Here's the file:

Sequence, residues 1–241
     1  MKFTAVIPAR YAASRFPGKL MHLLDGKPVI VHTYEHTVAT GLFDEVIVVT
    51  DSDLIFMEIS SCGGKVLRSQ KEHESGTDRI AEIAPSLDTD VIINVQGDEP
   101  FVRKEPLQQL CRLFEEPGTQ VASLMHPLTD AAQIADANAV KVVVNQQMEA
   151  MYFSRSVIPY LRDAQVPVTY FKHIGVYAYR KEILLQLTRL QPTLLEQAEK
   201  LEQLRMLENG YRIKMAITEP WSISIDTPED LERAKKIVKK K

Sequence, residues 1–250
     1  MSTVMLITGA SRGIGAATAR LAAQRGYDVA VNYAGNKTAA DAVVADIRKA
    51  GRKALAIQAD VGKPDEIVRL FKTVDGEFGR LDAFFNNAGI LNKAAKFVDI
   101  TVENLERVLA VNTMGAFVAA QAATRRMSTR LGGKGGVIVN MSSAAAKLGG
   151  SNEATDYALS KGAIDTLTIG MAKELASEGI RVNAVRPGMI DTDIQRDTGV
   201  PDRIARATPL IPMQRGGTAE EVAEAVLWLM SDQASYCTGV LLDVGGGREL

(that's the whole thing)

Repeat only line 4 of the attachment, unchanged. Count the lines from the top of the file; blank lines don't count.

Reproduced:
   101  FVRKEPLQQL CRLFEEPGTQ VASLMHPLTD AAQIADANAV KVVVNQQMEA